Rice says HUD’s move to extend the AFFH time line would give some jurisdictions an additional seven years to comply.
The extension also means jurisdictions can revert to the old process of conducting an Analysis of Impediments (AI) to fair housing. In 2010, the Government Accountability Office (GAO) found that many AIs were insufficient or jurisdictions weren’t even submitting the reports.
“In addition to plugging the holes in those deficiencies the GAO found in its study, the AFFH rule provides a tool to help jurisdictions complete their assessments of fair housing, identify the barriers to fair housing, and develop solutions to correct those identified problems,” Rice says. “The old fair housing planning guide doesn’t provide that assistance.”
More alarm bells were sounded when it was reported that HUD is considering deleting the words “inclusive” and “free from discrimination” in an update of its mission statement.
“First of all, the process is very premature at this point,” Carson says. “It’s a multimonth process in which we’re collecting information from lots of people, opinions from lots of people, including the stakeholders here at HUD, the people who’ve been here for 10, 15, 20, 30 years. All of that has to be completed before we decide what the mission statement is. I made that very clear many weeks ago.”
Rice says she’s also been reassured that HUD isn’t planning to remove anti-discrimination language from its mission statement and is committed to enforcing the Fair Housing Act.
However, advocates will be closely watching what steps the agency takes and the state of fair housing.
Rice points out that there are about 4 million incidences of housing discrimination each year. Most go unreported, and enforcement is still insufficient.
“We don’t have complete, full, vigorous enforcement of our nation’s fair housing laws,” she says. “We need to step up our game in terms of enforcing the law. That’s a major concern.”
Another issue is access to credit, adds Rice, noting that the African-American homeownership rate (42%) is much the same as it was when the Fair Housing Act was signed. “We did make gains throughout the 1980s and 1990s, but all of the gains that were made were lost in the financial crisis,” she says. “They were lost largely because subprime lenders have always targeted communities of color for their lending products. … What happened in the lead-up to the crisis is those products changed and became very toxic and predatory. With the changing of those products, it drove a lot of people into foreclosure.”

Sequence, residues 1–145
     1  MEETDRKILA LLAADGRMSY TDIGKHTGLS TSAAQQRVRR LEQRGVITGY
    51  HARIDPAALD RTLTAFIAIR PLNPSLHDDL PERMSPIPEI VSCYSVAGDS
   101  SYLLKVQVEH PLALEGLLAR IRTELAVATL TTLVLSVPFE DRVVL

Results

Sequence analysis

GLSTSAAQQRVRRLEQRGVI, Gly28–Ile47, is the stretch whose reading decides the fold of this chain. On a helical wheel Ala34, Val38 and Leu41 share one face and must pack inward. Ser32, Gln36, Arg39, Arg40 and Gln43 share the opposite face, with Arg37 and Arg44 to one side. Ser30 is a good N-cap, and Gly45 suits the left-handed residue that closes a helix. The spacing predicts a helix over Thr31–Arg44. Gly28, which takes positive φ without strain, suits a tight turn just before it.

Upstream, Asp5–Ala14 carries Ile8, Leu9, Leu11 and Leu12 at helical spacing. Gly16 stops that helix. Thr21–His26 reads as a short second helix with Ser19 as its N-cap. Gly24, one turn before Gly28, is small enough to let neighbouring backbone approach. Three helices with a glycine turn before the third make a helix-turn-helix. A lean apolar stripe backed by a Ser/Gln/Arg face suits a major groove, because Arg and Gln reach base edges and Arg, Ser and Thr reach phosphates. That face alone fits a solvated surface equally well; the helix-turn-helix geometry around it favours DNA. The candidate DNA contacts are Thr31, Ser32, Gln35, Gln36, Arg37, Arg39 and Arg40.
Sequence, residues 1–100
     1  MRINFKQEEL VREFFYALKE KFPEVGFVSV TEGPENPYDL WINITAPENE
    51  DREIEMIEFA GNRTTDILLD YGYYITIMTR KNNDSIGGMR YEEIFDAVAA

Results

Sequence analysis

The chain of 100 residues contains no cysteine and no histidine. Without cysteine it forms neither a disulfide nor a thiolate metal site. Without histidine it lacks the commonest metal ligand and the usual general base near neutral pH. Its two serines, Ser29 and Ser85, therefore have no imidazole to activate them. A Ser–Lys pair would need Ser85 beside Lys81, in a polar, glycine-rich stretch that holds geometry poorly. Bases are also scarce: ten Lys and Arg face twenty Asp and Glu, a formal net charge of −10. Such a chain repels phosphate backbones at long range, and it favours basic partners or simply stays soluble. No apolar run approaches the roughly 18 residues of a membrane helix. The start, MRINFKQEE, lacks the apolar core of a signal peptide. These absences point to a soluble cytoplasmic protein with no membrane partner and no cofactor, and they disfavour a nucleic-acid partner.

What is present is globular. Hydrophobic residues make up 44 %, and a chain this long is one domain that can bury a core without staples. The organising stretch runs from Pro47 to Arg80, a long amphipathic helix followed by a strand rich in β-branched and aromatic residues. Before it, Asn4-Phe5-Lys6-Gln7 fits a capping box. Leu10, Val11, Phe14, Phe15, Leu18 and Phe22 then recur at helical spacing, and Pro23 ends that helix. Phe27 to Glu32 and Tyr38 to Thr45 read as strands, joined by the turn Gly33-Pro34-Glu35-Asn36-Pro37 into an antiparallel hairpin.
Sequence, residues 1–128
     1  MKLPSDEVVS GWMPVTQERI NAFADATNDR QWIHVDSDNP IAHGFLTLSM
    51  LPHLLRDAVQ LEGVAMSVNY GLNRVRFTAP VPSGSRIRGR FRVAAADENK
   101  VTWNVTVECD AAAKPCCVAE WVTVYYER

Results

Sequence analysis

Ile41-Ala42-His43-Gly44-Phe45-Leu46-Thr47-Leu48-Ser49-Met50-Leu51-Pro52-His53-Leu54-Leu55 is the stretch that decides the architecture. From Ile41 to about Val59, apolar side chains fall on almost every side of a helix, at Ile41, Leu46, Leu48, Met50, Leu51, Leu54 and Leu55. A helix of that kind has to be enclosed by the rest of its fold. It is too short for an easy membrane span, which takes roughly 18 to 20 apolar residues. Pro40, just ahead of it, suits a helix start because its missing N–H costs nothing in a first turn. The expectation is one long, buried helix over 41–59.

The overall lack of affordable housing is another concern. “We’re hemorrhaging affordable housing units,” Rice says. “Affordable housing single-family units have been snatched up by investors, foreign investors, large institutional investors, as well as small mom-and-pop investors.They’ve bought up a lot of the single-family housing stock. That restricts the market for families to be able to purchase affordable housing units.”
Looking ahead to the rest of the year, Carson says a priority will be to roll out his EnVision Centers, an initiative to help HUD-assisted households become “self-sufficient,” a term the housing secretary uses often and a red flag for others that HUD is moving to cut assistance from some needy families.
Stabilizing the Home Equity Conversion Mortgage and having an improved system of response for natural disasters are other priorities, according to Carson.
“During my first year, we had three major hurricanes as well as the wildfires and mudslides,” he says. “People forget that I had to deal with all that stuff while, in the first five months, not having any assistant secretaries. “We still don’t have assistant secretaries for our two biggest departments.”
HUD remains without a Federal Housing Administration commissioner and an assistant secretary for public housing despite Republican control of the House, Senate, and White House.
“But that party can’t act by itself in order to get these people through,” Carson says. “You know, our system really wasn’t designed for what we have right now. It was designed to have more than one party and more than one opinion, but it wasn’t designed for outright resistance.”